Scott McIntosh echoes the same. “I’m always going to want that full-service dining experience where I can sit and enjoy the food and the company. I look forward to that interaction. I think as our days get busier, we all actually anticipate having that lunch or dinner that allows us to really sit back and take a breath. Full-service dining is never going to disappear.”
The Fast Casual Ratio in Laguna
In 2019, six of our eight new restaurants cater to guests with wait staff. In 2018, six of the nine new restaurants were full service.
So, Where’s All This “Churn” Coming From?
Wherever I go in this town, people ask me the same two questions:
- What’s my favorite restaurant in Laguna?
2. Why are all these restaurants closing their doors?
I will never answer the first question. I love too many different dishes and too many chefs and restaurateurs in this town.
As to the second question … given the increase in number of restaurants this decade – we’ve nearly doubled the number of restaurants in the same square mileage of space – we really aren’t seeing the same ratio of increase in closed or failed restaurants.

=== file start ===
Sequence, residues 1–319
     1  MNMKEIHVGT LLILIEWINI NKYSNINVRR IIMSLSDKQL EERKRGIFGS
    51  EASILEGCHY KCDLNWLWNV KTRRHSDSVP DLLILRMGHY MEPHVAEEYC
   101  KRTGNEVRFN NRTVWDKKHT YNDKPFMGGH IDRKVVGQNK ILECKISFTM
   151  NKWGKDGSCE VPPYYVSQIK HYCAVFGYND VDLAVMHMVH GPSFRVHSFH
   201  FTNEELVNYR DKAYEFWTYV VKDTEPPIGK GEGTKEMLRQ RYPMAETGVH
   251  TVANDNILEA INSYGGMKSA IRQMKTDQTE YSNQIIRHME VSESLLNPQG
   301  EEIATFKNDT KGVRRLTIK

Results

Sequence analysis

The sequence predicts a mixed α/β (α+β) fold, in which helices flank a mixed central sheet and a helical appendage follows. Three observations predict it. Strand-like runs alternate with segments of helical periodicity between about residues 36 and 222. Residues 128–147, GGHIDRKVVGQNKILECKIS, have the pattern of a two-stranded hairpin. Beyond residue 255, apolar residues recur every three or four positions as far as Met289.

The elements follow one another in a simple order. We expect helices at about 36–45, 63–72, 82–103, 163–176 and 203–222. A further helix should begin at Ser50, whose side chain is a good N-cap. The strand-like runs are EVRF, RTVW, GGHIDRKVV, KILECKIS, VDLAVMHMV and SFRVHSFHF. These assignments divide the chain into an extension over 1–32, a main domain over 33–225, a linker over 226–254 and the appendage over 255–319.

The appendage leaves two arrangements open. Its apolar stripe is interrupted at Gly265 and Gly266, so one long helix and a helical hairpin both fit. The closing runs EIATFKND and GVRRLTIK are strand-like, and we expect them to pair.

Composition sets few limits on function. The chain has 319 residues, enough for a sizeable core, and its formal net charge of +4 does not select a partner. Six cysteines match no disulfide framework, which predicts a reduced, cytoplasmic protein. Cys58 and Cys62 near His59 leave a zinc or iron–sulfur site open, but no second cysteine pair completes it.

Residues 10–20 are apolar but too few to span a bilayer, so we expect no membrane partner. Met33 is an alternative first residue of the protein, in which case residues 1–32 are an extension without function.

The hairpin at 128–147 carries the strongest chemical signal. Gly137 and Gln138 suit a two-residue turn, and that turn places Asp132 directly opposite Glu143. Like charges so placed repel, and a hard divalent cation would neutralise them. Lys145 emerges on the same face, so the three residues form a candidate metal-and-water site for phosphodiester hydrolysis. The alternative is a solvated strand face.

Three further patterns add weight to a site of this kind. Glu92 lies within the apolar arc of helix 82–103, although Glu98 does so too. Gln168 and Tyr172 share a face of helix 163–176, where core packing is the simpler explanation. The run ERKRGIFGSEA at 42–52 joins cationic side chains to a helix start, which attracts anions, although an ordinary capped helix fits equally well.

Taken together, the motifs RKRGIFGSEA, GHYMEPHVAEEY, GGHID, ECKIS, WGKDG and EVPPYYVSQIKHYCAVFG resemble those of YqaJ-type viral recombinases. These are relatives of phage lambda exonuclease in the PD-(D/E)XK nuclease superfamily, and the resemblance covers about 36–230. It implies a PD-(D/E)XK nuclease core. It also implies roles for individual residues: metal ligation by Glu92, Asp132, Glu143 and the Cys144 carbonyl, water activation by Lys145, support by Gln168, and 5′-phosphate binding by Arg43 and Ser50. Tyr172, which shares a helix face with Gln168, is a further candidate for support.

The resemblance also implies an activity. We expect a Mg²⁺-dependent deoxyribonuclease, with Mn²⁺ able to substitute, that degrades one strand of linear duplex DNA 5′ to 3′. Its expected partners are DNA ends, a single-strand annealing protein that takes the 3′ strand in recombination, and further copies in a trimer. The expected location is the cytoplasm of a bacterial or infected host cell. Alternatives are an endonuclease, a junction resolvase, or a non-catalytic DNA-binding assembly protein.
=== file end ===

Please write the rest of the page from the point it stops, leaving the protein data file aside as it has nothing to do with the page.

(This may not mean that they’re operating as profitably as they may have been a decade ago, but they’re not closing their doors.)
The last two years, though, have seen 17 Laguna restaurants close – nine in 2019 and eight in 2018 (that I’ve tracked). That’s an increase above the “norm” of four or five each year in years prior.
Next week, in “part two” of my Decade in Review, I’ll take a more in-depth look at the favorites we’ve lost and the successes that are still triumphantly working.
P.S. Why do YOU think some restaurants are struggling or closing in Laguna Beach? Go to my Instagram account and follow to then leave your comment. I’ll be including these comments and opinions in my next article.
Great Job Diane…not to forget, we have an aging population and their tastes and needs also